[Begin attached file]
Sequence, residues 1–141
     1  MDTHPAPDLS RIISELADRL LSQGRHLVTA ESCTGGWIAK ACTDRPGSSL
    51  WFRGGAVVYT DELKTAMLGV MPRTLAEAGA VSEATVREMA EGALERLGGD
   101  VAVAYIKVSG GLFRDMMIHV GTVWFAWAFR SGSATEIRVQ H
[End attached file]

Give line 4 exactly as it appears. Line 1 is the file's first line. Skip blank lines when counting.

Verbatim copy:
   101  VAVAYIKVSG GLFRDMMIHV GTVWFAWAFR SGSATEIRVQ H